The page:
Léim ar aghaidh chuig an bpríomhábhar
Gnáthamharc

Fuel Poverty

Dáil Éireann Debate, Thursday - 4 November 2021

Thursday, 4 November 2021

Ceisteanna (191)

Denis Naughten

Ceist:

191. Deputy Denis Naughten asked the Minister for the Environment, Climate and Communications the steps he is taking to address fuel poverty in homes; and if he will make a statement on the matter. [47516/21]

Amharc ar fhreagra

Freagraí scríofa (Ceist ar Environment)

Energy poverty or fuel poverty is influenced by a person’s income, the energy efficiency of their home and the cost of the energy they use in their home and is defined as an inability to heat or power a home to an adequate degree. Analysis carried out in 2016 for the Strategy to Combat Energy Poverty found that 28% of households in Ireland could be in energy poverty i.e. would need to spend more than 10% of their income on their energy needs. Good progress has been made since the launch of the Strategy. The ESRI carried out an analysis of the number of households at risk of experiencing energy poverty in 2019 and again in 2020. This showed that the share of households needing to spend more than 10% of their income on their energy needs was 17.5% in 2020. The Survey on Income and Living Conditions supports this, indicating that the proportion of people who report that they are unable to afford to keep the home adequately warm, has fallen from 9% in 2015 to 4.9% in 2019.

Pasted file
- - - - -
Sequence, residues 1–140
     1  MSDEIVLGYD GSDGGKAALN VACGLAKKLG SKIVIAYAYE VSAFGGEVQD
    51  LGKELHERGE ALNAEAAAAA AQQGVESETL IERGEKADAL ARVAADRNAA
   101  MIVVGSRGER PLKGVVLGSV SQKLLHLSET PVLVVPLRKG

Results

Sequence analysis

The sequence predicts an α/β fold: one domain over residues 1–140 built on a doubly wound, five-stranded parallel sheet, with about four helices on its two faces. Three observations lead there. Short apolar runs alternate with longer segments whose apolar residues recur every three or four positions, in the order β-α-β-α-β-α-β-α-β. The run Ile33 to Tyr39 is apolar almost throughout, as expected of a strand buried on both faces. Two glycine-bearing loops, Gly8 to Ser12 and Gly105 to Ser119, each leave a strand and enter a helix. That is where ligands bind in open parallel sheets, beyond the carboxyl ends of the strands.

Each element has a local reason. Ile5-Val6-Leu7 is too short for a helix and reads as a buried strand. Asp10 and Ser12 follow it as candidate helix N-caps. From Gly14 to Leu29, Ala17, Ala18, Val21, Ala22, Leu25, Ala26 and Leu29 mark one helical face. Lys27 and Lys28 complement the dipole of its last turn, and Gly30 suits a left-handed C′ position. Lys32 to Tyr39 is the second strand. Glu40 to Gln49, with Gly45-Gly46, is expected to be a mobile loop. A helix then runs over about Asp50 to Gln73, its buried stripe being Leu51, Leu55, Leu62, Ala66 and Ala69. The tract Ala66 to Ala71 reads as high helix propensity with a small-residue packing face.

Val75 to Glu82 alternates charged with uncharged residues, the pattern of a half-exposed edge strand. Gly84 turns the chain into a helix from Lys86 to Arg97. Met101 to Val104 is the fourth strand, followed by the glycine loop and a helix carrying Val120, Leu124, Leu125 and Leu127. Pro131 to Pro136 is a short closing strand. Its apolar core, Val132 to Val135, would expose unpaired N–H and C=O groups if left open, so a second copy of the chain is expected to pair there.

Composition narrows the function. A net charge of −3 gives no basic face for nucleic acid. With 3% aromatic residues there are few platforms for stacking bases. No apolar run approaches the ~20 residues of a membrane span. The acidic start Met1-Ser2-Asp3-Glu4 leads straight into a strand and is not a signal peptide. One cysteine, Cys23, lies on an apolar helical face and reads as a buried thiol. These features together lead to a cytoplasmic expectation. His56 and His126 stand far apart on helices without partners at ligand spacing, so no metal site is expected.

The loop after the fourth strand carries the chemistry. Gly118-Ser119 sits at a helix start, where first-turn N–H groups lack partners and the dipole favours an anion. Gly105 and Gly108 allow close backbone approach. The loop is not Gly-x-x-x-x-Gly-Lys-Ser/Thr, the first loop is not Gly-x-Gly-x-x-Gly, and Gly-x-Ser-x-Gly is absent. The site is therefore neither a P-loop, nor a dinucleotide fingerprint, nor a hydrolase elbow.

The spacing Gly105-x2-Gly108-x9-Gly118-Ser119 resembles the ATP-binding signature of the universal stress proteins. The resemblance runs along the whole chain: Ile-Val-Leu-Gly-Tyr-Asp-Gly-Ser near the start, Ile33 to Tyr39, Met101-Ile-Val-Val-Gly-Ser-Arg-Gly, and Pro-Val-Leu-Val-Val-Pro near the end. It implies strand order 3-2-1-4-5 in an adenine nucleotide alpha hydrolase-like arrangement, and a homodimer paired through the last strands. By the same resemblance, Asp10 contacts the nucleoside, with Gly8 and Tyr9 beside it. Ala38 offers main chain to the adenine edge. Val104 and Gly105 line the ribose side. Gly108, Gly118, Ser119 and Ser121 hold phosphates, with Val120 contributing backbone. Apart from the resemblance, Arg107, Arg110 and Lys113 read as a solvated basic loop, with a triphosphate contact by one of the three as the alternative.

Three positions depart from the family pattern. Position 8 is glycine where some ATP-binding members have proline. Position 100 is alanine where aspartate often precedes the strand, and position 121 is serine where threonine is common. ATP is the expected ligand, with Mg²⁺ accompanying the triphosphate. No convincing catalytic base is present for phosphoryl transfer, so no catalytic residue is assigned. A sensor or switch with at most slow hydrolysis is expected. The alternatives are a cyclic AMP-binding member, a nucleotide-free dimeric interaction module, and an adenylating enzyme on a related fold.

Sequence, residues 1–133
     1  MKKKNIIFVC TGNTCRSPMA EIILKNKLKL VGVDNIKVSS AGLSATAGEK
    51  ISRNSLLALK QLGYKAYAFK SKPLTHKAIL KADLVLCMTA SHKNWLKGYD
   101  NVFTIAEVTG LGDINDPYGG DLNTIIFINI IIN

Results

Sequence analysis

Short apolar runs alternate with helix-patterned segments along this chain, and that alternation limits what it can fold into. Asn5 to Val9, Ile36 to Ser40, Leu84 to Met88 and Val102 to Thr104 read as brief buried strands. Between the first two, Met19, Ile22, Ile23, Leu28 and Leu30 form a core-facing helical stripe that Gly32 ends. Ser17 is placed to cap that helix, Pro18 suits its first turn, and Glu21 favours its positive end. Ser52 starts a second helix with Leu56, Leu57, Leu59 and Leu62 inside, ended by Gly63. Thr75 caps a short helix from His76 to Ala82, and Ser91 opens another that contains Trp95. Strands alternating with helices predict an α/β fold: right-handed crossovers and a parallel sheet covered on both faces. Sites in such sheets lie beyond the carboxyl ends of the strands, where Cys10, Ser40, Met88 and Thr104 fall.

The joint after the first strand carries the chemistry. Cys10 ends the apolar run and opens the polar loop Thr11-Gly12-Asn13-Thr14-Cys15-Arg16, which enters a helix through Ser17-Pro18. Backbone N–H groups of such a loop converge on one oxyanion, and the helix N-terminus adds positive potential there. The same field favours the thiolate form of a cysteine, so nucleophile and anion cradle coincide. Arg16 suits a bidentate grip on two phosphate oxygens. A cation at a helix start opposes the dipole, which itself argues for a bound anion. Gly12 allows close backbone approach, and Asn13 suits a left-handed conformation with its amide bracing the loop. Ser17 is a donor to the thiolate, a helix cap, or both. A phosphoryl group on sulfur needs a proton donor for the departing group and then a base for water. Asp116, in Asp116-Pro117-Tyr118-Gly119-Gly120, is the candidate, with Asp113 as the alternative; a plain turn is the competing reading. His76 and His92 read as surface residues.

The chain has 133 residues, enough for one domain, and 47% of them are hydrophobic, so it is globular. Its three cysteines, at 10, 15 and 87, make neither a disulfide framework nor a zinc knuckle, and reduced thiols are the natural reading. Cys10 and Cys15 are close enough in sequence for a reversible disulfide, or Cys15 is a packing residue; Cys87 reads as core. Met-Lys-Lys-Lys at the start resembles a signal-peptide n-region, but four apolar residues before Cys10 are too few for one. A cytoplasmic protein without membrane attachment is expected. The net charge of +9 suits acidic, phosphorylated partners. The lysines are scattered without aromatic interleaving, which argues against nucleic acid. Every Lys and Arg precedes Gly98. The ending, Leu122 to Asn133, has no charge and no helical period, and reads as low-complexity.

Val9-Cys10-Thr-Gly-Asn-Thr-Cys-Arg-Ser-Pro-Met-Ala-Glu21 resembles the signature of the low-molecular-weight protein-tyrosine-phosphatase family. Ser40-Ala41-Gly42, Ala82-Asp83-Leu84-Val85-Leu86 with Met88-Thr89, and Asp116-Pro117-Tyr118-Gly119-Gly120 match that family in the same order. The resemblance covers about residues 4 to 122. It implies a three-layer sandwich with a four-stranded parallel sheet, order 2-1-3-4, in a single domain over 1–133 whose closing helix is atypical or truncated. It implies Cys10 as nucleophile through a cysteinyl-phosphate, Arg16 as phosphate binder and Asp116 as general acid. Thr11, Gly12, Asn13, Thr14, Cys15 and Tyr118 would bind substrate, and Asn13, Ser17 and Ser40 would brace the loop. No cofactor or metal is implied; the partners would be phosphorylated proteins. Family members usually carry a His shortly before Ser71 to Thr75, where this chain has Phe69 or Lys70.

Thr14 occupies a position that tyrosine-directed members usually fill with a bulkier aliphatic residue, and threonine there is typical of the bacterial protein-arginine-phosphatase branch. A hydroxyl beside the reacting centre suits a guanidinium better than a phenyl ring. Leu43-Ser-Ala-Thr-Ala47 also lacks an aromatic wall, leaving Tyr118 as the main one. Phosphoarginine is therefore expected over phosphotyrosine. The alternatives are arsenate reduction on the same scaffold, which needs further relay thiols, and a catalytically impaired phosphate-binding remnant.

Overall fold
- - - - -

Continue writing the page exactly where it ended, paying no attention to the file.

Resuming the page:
Government policy to alleviate energy poverty for a number of years has focused on supplementing lower income households through the Fuel Allowance and other payments, as well as providing free energy efficiency upgrades through the Sustainable Energy Authority of Ireland schemes and the Social Housing retrofitting programme.

Budget 2022 has allocated €202 million for residential and community retrofit next year. Over half of this (€109 million) will be used to provide free energy efficiency upgrades to households that are in, or at risk of, energy poverty. The Minister for Housing, Local Government and Heritage will invest a further €85 million as part of the Social Housing Retrofit Programme in 2022. Overall, this represents an allocation of €194 million to retrofitting homes of those most at risk of energy poverty next year - an increase of €20 million on this year’s allocation. Budget 2022 also provided for a €5 increase to the Fuel Allowance to €33 per week, or €924 per year, as well as an extension of the eligibility criteria for the payment, by the Minister for Social Protection.

Protections are also in place for customers falling into arrears on their energy bills. Under the supplier led voluntary Energy Engage Code, suppliers will not disconnect a customer who is engaging with them. Suppliers must also provide every opportunity to customers to avoid disconnection and must identify customers at risk of disconnection and encourage them to talk to them as early as possible

A review of the implementation of the Strategy to Combat Energy Poverty will be completed early next year and will inform next steps in relation to the development of a new strategy. Measures to support those least able to afford to retrofit their homes will also be included in the new National Retrofit Plan which will be published shortly.

Barr
Roinn